I like to generate some planets like Kerbal Space Program does. By some videos of the developers I know that they use a quadsphere, which consists of six “entities” as a minimum. These are all plane meshes, which get subdivided the closer you get. This allows a ground to orbit level of detail. However, I have some problems understanding this subdivision algorithm:

  1. Since I have six separate meshes, how do I know where I have to subdivide them, if they are all separate?

  2. If I always just subdivide the quad the camera is over and I end up with something like this:


even though I want something like:


So how can I ensure a sense full 2:1 subdivision with neighbour quads?

  • \$\begingroup\$ So you want to know how to choose the meshes you need to subdivide based on the position of the player? \$\endgroup\$
    – Bálint
    Commented Oct 21, 2017 at 8:54
  • \$\begingroup\$ Basically yes, but with always having all neigbour quads being subdivide one time less. Like in the second image. \$\endgroup\$
    – GR00G0
    Commented Oct 21, 2017 at 8:55

1 Answer 1


Implementing LOD subdivision on terrain is quite complicated, I rather recommend to use a library or something. But if you prefer to learn the hard way here are the principal steps you need to do:

First, unlike your assumption, you do not start with 6 meshes like the most zoomed out version, but you define your geometry at highest resolution (most zoomed in version). So if we assume you implement 4 levels (0: lowest, 3: highest) you start with a sphere consisting of 43 * 6 = 384 meshes that is the entire sphere at level 3. Then you need the meshes for the lower levels. There are 42 * 6 meshes for level 2, 41 * 6 for level 1 and 40 * 6 for level 0, the simple cube. That gives you in total 510 meshes for all levels.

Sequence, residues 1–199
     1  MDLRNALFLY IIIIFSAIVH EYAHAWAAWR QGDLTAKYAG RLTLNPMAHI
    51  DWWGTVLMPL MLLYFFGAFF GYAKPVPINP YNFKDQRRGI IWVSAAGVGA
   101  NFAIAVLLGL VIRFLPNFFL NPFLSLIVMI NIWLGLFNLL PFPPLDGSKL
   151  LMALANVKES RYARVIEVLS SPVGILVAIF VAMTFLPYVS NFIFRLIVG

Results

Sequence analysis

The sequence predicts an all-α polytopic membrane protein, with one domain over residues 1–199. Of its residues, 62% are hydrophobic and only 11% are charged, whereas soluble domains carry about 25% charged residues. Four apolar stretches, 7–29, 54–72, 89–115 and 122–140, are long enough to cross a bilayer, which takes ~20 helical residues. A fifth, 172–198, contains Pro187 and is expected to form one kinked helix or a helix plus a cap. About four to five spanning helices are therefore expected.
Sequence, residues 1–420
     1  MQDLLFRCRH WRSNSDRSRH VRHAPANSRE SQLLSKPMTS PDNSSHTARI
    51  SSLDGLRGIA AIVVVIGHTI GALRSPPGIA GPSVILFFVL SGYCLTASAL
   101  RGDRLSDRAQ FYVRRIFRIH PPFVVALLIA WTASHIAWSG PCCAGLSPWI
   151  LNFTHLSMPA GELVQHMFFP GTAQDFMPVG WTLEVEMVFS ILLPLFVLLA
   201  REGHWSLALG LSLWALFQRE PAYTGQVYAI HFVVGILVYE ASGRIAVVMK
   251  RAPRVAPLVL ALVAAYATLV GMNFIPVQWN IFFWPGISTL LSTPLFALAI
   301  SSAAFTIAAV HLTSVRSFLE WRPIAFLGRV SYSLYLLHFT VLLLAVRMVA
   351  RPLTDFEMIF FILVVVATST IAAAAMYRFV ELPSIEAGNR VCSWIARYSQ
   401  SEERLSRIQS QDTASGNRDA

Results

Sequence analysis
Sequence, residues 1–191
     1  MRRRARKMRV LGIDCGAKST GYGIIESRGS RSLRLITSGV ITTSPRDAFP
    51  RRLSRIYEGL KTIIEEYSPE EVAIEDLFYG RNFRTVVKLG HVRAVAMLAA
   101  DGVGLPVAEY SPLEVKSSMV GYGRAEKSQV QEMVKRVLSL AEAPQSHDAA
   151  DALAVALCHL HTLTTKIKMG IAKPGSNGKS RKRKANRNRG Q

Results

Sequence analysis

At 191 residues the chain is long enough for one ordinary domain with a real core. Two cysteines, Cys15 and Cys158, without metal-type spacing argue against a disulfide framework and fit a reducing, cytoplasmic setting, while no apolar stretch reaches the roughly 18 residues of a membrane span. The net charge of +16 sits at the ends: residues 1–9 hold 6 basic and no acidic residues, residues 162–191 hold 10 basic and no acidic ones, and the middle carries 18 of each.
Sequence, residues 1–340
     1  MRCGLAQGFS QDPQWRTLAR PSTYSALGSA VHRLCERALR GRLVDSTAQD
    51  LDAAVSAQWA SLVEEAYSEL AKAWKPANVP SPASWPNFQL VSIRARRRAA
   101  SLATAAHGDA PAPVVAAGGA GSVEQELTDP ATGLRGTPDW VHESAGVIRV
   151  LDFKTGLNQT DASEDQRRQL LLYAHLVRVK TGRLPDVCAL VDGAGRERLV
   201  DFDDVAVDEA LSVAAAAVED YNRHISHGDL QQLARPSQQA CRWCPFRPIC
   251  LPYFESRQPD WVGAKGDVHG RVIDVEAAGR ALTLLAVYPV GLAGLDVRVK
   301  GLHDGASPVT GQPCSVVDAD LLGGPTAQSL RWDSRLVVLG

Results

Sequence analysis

At runtime, you just determine the distance of each of your 384 level 3 meshes to the camera (you may check only a subset). If the distance is long enough you render it with a lower level (notice that you always join 4 predefined higher meshes into one lower level mesh). That's a basic LOD implementation.

Once you have finished this, you'll notice that the meshes at the border from one level to another are not properly connected and expose artifacts (graphical glitches). To solve that too, you need stitching. The real pain of this topic (interestingly your sphere image does show stitching already). So for stitching, you need extra border meshes for each level and side and corner which gives you an additional 8 fold mesh count ⇒ ~4590 meshes in total.

Actually, it's better you do not use something like generic meshes but using directly OpenGL (or whatever). Which gives you additional flexibility (maybe some of those mesh implementations offer it too). In OpenGL this would result in just 384 buffer objects (sort of mesh container) and ~28 index buffers (sort of mesh layouts) and those can be combined at runtime to all the necessary 'meshes'.

As I said, it is rather an advanced topic, you'll better searching for a guide to follow, or if you lost your need for pain, take a library already implementing it.


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